Major League Baseball
Pirates 10, Tigers 1
Major League Baseball

Pirates 10, Tigers 1

Published May. 21, 2011 4:20 a.m. ET

The Pittsburgh Pirates are honoring second baseman Neil Walker on Saturday by giving away a bobblehead doll. He sure did his best to boost the item's popularity.

Walker drove in a career-high five runs as the Pirates crushed the Detroit Tigers 10-1 on Friday night.

He smacked a two-run double in the sixth off Detroit reliever Brayan Villarreal to help break open a tight game and later added a three-run homer in the ninth as the Pirates won their third straight, matching their longest winning streak of the season.

''We had it firing on all cylinders today,'' Walker said.


Particularly starter Jeff Karstens (3-2), who put together his best performance of the year. He retired the first 14 he faced and gave up just one run on three hits in six innings, striking out four without issuing a walk.

Karstens gave much of the credit to catcher Ryan Doumit, who made sure the right-hander kept the slumping Tigers from focusing on Karstens' relatively pedestrian fastball.

''We talked about it before the game (to) try and keep them off balance,'' Karstens said. ''They're a pretty good fastball hitting team, especially (Miguel) Cabrera and (Victor) Martinez and just try to stay out of situations where they can hurt us.''

Karstens made sure not to let his team's highest scoring game of the way go to waste. The Pirates had scored a grand total of six runs in his last four starts but put up six in the sixth inning alone after getting to Detroit's Brad Penny (4-4).

''Ten runs is always good,'' Karstens said.

Penny came in with wins in four of his last five starts, but surrendered five runs in 5 2-3 innings, thanks in part to a season-high five walks, as the Tigers lost their fourth in a row.

''Just too many walks and they got three infield hits off me,'' Penny said. ''It just wasn't my night. I didn't pitch well enough to win.''

The Pirates have been woeful against their American League counterparts since interleague play began in 1997, entering the series just 73-123 against the AL. Yet most of that damage has come on the road. They're now a respectable 51-51 at home after beating Detroit and manager Jim Leyland, who served as Pittsburgh's manager from 1986-96.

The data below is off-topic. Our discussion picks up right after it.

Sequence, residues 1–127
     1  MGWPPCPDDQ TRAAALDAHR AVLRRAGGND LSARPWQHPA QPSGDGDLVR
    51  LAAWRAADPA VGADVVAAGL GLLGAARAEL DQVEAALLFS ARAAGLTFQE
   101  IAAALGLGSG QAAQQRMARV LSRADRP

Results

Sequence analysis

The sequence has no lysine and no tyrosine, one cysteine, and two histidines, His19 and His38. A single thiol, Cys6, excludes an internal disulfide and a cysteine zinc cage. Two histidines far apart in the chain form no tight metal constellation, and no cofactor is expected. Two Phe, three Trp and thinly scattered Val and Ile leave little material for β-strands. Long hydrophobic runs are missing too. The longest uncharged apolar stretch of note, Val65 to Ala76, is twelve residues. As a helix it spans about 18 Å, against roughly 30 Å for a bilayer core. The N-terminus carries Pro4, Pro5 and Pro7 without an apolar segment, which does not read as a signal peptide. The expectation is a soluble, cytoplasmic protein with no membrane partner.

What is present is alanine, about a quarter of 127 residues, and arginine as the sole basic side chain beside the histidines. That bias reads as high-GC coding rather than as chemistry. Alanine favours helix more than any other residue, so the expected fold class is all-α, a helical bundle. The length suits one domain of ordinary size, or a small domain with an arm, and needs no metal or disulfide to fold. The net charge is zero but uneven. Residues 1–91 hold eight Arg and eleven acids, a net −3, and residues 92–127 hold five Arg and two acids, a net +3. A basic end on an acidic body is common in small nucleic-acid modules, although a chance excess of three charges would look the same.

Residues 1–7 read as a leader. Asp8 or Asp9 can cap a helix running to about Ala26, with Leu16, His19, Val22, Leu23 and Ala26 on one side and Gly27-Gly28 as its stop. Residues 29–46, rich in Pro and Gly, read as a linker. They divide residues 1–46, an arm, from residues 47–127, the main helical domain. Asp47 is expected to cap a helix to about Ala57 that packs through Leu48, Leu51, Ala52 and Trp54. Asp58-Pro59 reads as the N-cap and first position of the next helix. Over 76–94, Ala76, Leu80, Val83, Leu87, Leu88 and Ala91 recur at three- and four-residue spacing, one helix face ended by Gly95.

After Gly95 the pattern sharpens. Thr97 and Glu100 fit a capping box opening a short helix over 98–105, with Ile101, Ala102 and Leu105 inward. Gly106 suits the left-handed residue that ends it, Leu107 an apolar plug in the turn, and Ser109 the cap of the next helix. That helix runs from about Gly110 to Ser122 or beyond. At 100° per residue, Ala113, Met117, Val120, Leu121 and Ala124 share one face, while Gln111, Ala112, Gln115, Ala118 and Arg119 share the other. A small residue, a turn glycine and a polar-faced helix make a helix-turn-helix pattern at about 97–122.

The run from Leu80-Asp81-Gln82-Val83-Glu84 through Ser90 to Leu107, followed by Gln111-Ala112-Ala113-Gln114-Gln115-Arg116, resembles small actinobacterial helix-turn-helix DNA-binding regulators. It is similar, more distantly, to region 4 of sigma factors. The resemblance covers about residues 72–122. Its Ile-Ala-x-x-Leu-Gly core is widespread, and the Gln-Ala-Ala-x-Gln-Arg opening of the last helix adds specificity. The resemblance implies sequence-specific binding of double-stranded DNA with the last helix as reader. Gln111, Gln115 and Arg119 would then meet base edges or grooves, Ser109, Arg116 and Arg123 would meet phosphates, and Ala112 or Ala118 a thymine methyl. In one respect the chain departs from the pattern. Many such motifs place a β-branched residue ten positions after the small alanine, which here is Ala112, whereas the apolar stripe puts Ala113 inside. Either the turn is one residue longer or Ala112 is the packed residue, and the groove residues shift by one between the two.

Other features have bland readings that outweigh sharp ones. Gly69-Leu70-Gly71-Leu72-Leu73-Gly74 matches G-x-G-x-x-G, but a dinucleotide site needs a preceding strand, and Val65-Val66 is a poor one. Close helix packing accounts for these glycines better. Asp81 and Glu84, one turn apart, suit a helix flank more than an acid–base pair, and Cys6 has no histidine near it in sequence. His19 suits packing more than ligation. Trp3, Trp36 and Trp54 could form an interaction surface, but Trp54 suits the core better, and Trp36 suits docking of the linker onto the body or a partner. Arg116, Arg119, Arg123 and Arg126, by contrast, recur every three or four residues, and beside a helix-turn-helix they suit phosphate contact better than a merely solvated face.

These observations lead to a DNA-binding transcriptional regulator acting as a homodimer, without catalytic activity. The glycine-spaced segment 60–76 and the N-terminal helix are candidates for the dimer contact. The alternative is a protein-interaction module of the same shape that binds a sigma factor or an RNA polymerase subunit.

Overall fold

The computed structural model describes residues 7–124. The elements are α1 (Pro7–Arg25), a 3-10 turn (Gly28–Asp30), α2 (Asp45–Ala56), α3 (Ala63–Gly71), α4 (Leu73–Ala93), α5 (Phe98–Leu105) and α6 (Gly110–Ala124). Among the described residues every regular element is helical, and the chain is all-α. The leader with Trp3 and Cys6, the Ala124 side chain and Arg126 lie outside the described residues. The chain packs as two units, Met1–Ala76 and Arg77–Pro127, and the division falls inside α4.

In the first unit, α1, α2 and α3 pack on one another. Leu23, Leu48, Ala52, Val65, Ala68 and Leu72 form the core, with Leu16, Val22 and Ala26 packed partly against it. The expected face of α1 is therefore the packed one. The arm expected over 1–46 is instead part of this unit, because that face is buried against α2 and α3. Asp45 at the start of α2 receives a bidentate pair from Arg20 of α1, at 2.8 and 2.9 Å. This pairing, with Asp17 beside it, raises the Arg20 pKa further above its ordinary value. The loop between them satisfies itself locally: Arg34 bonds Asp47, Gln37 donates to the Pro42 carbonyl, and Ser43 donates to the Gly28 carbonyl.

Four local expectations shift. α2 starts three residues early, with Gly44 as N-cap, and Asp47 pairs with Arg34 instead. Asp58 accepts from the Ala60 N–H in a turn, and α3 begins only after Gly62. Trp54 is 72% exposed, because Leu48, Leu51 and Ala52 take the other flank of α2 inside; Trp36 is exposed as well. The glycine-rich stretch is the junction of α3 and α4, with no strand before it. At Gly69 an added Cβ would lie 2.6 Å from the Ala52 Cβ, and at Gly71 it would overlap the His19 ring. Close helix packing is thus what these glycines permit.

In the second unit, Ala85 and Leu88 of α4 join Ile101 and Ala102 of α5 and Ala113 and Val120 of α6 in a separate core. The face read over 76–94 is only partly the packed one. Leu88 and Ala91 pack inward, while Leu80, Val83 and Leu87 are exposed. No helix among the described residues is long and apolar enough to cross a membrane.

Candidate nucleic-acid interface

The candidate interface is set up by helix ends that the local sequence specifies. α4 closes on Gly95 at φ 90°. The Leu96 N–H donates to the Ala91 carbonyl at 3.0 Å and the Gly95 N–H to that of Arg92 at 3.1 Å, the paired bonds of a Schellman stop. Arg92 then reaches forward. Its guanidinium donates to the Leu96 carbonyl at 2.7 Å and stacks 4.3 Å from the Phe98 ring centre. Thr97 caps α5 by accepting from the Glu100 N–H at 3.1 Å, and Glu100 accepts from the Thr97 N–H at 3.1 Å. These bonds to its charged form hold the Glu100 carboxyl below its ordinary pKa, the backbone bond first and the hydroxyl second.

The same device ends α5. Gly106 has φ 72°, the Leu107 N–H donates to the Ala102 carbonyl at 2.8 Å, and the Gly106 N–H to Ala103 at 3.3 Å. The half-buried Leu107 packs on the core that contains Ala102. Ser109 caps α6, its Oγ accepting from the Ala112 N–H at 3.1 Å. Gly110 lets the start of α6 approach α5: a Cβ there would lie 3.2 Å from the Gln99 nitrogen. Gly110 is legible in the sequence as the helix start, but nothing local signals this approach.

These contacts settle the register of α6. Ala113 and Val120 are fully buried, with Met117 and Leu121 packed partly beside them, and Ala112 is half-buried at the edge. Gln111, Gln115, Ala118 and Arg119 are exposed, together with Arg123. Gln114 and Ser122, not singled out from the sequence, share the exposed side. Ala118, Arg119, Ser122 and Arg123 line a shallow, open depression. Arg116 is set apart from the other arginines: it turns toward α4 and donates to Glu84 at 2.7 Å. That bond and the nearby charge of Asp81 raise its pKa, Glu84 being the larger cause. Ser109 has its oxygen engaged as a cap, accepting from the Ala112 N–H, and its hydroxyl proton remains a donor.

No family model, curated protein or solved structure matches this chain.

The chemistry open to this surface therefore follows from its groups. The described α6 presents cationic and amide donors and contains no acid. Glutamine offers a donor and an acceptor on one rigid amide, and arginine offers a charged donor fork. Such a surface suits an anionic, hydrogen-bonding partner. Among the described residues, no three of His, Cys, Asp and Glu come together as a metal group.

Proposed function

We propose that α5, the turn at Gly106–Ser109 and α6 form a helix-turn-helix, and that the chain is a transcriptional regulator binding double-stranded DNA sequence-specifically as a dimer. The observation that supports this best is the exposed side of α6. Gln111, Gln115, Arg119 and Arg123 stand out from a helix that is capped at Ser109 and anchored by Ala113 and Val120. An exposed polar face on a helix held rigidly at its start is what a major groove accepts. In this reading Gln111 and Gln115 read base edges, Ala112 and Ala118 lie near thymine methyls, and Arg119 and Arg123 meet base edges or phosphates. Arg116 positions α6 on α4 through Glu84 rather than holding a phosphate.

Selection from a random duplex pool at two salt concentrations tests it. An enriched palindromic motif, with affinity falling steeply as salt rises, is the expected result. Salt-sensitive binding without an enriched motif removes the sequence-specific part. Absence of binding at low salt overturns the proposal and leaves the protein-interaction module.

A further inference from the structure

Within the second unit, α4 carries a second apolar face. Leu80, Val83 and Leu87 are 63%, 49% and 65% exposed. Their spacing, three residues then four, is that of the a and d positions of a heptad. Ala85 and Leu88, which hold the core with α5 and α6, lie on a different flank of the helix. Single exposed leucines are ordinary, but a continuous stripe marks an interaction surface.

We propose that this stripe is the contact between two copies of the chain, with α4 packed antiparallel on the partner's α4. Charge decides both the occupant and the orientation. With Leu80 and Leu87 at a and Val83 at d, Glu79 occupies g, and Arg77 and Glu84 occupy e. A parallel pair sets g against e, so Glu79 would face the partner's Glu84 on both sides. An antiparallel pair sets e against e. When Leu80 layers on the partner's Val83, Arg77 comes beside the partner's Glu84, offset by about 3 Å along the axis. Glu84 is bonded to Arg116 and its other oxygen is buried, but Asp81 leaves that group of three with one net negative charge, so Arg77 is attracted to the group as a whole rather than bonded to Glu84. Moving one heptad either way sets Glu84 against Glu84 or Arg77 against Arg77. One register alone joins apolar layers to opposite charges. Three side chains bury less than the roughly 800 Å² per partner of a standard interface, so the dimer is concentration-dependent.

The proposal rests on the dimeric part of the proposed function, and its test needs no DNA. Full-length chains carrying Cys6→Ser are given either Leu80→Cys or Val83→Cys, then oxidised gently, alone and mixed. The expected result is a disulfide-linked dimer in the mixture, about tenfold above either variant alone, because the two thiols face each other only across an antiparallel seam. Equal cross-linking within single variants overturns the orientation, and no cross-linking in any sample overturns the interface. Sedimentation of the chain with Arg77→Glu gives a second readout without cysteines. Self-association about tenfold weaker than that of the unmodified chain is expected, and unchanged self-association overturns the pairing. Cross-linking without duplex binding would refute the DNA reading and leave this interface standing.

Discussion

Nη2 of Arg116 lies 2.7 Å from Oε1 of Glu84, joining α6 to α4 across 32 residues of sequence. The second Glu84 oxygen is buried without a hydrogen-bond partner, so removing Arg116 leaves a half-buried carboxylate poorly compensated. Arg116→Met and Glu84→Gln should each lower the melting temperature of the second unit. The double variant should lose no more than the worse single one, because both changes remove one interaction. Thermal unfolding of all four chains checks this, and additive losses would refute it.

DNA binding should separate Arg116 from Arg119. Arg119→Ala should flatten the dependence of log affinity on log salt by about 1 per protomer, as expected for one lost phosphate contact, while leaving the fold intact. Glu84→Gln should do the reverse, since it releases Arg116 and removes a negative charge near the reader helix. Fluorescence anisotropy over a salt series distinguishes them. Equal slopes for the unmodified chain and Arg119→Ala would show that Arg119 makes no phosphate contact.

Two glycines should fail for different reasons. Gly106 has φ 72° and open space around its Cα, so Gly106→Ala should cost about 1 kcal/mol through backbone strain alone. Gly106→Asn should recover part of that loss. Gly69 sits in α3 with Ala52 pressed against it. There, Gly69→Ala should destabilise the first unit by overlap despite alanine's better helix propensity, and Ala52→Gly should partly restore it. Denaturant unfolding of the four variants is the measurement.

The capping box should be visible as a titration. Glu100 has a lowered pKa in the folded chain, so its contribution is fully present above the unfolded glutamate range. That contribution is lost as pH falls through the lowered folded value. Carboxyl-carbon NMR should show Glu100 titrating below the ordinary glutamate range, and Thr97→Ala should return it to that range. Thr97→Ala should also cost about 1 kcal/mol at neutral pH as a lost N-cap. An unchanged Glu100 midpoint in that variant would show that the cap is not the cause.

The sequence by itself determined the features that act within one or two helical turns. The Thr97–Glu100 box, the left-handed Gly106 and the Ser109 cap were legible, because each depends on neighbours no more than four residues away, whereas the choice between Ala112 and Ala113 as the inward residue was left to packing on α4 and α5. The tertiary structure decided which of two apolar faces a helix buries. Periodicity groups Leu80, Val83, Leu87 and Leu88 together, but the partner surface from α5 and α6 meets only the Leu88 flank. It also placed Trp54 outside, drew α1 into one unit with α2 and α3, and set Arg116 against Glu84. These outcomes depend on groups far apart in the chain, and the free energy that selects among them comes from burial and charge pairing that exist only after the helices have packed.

Leyland said before the game he's impressed with the foundation the Pirates have put in place. Pittsburgh hasn't had a winning season since Leyland guided them to the National League East title in 1992. The Pirates lost 105 games a year ago but have remained competitive so far this spring behind the play of a surprisingly consistent pitching staff.

The group includes Karstens, who started the year coming out of the bullpen, but was thrust into a starting role when Ross Ohlendorf went down with right shoulder injury.

Though Karstens hasn't been dominant, he has been effective. He stayed that way against the Tigers, who have struggled following a seven-game winning streak. They've lost four in a row, scoring six runs in the process.

''We're just not swinging the bats right now,'' Leyland said. ''It's as simple as that. We need to start scoring runs. We've got to find a way to break out of this.''

Detroit didn't get a baserunner until Brennan Boesch's two-out flare to center with two outs in the fifth. Karstens' only mistake of the night came on a fastball he left up in the zone while pitching to Ramon Santiago in the sixth. Santiago responded by depositing the pitch into the right-field seats for his first home run of the season to tie it at 1.

It didn't stay tied for long.

Lyle Overbay led off the bottom of the inning with a drive over the center-field wall, and then the Pirates - who came in hitting just .236 on the season - really went to work.

Penny did little to help himself. He came in having won four of his previous five starts, posting an ERA of 1.51 over that span, with six walks. He nearly matched that Friday, when 52 of his 105 pitches failed to hit the strike zone. Still, he managed to avoid any real trouble until the sixth.

Brandon Wood worked for a walk and later put the Pirates up 3-1 on a fielders' choice by Matt Diaz. Penny finally exited after walking Andrew McCutchen one batter later.

Leyland wanted to bring in left-hander Brad Thomas, but his elbow locked up while he got loose, forcing Villarreal into action.

The right-handed Villarreal walked Jose Tabata to load the bases and Garrett Jones followed with a double to center that pushed the lead to 5-1. Walker then drilled a double of his own to left to give Pittsburgh more than enough breathing room.

''It put us in a little bit of bind,'' Leyland said. ''I didn't feel real comfortable with Villarreal facing those guys. In the end, it was neither here nor there.''

Notes: The Pirates gave third baseman Pedro Alvarez the day off after he tweaked his quadriceps, which forced him to sit out five games earlier in the month. ... Penny issued his first walk since May 3 when Ronny Cedeno earned a free pass in the bottom of the third, a span of 22 1-3 innings. ... Detroit's Austin Jackson extended his hitting streak to 12 - the longest of his career - with a double in the sixth. ... A crowd of 24,396 turned out, the second-highest attended weeknight game of the year.


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